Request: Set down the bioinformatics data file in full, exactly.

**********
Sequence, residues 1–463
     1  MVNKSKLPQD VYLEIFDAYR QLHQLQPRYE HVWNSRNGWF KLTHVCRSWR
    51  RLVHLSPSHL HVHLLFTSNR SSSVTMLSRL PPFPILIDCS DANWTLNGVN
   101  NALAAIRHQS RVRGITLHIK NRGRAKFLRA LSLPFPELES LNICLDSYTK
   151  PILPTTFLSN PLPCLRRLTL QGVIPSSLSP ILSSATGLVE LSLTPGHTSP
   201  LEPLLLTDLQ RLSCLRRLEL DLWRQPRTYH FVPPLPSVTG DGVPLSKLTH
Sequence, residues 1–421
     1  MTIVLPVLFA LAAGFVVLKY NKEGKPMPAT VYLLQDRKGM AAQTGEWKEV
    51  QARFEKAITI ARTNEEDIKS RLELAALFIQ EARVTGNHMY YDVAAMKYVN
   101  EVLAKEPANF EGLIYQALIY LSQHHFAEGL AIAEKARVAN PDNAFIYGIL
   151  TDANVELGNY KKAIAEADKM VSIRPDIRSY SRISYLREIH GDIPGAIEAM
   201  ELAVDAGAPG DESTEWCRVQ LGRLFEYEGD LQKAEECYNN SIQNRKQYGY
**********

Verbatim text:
Sequence, residues 1–463
     1  MVNKSKLPQD VYLEIFDAYR QLHQLQPRYE HVWNSRNGWF KLTHVCRSWR
    51  RLVHLSPSHL HVHLLFTSNR SSSVTMLSRL PPFPILIDCS DANWTLNGVN
   101  NALAAIRHQS RVRGITLHIK NRGRAKFLRA LSLPFPELES LNICLDSYTK
   151  PILPTTFLSN PLPCLRRLTL QGVIPSSLSP ILSSATGLVE LSLTPGHTSP
   201  LEPLLLTDLQ RLSCLRRLEL DLWRQPRTYH FVPPLPSVTG DGVPLSKLTH
Sequence, residues 1–421
     1  MTIVLPVLFA LAAGFVVLKY NKEGKPMPAT VYLLQDRKGM AAQTGEWKEV
    51  QARFEKAITI ARTNEEDIKS RLELAALFIQ EARVTGNHMY YDVAAMKYVN
   101  EVLAKEPANF EGLIYQALIY LSQHHFAEGL AIAEKARVAN PDNAFIYGIL
   151  TDANVELGNY KKAIAEADKM VSIRPDIRSY SRISYLREIH GDIPGAIEAM
   201  ELAVDAGAPG DESTEWCRVQ LGRLFEYEGD LQKAEECYNN SIQNRKQYGY